By: Tate Thompson and Curry Sexton

As of January 1, 2023, the National Collegiate Athletic Association (“NCAA”) is applying a new standard of review in investigations pertaining to potential violations of its name, image, and likeness (“NIL”) rules.

According to a supplementary document used by the NCAA Division I NIL Working Group, Division I institutions will now be required to “clearly demonstrate” that, upon receiving notice of a potential infraction, the questioned activities were not in violation of the NCAA’s NIL rules. The supplementary document also provides further explanation of the NCAA’s Interim NIL Policy and what activities constitute an NIL violation. The document follows increasing requests from member institutions for the NCAA to step up its enforcement efforts, as many have opined that the current state of NIL in collegiate athletics is untenable.

Presumption of Infraction and Updated Procedure

In the supplementary document, the NCAA states that its enforcement staff will presume a violation has occurred whenever “available information supports that the behaviors leading up to, surrounding and/or related to an NIL agreement or activity were contrary to NCAA Division I legislation and/or the Interim NIL Policy.” Thus, the NCAA may now rely on circumstantial evidence of a violation rather than requiring record evidence to prove a violation occurred (such as documents or statements made during an interview).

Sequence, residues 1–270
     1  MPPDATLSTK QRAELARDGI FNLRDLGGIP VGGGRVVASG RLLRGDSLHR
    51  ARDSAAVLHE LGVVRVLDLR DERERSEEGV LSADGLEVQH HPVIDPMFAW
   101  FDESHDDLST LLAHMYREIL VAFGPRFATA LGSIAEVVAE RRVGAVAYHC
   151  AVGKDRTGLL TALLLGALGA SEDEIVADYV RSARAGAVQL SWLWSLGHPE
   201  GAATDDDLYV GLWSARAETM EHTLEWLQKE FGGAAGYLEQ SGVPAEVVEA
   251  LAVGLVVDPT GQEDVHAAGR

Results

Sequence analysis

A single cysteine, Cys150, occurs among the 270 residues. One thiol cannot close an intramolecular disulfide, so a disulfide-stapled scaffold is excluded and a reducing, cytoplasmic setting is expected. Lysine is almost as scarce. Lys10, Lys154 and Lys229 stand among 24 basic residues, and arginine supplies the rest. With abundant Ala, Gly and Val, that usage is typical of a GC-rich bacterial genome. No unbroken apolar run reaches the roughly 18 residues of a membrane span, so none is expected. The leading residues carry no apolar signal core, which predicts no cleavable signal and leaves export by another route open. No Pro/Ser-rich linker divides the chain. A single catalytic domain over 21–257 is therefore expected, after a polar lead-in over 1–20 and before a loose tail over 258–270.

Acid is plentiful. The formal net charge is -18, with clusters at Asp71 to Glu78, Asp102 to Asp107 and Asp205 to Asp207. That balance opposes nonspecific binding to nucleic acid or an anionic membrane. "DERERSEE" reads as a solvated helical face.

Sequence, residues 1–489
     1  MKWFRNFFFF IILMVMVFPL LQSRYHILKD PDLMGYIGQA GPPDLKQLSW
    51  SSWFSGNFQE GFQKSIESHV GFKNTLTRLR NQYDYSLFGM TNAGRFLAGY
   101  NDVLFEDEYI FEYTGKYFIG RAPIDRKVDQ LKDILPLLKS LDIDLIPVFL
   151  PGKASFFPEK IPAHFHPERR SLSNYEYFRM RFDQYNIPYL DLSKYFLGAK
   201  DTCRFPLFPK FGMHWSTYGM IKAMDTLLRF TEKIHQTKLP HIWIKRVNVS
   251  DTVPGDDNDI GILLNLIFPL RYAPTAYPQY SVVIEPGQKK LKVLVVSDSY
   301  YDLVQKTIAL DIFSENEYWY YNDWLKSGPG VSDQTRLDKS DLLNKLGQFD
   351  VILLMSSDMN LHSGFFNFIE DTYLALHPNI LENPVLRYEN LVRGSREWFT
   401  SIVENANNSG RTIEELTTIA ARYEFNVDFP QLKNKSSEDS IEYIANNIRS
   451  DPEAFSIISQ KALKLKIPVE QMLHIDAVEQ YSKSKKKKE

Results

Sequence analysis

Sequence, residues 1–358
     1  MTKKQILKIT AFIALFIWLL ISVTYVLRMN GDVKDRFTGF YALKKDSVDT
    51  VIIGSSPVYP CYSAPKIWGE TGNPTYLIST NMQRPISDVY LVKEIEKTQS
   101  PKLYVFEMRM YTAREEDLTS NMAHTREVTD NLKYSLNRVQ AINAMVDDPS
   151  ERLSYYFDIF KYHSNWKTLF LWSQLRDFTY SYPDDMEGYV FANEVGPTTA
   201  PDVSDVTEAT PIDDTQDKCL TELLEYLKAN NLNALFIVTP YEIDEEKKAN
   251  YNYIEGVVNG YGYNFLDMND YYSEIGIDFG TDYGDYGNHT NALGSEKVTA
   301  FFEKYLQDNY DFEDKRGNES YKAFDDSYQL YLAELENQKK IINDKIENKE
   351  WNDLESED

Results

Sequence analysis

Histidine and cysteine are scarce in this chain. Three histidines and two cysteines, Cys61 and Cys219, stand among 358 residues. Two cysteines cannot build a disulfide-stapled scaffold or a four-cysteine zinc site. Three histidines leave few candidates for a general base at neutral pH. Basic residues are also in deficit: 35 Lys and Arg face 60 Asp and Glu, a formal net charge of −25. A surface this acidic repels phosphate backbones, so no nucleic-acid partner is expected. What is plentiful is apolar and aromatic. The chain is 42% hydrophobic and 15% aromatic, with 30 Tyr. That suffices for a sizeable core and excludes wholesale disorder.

As a result, the updated standard of review shifts the burden of proof from NCAA investigators to the member institution accused of violating NIL rules (this includes potential violations that result from the conduct of boosters and/or NIL collectives). Moreover, the institution’s burden of proof appears to be significant, as the institution “must clearly demonstrate that all behaviors complied with NCAA legislation and interim NIL policy” to rebut the presumption of a violation. Notably, the presumption applies to both the enforcement staff during the investigation and to the Committee on Infractions during the adjudication process.

The supplementary document also details the procedure for NIL investigations going forward, granting the enforcement staff one of two enforcement methods: (1) conducting an investigation; or (2) issuing a Letter of Inquiry (“LOI”). The investigation method reflects the more traditional route, wherein the enforcement staff requests documents, conducts interviews, and follows the standard investigation protocols provided in the NCAA Bylaws. On the other hand, the LOI approach provides an expedited option for investigators. An LOI is only required to identify any information supporting the presumption of the NIL violation, note that the burden is on the institution to rebut the presumption, and provide a deadline for the institution’s response. In either case, any investigation not resolved by the enforcement staff will “proceed to a contested hearing pursuant to Bylaw 19,” wherein the Committee on Infractions will apply the presumption.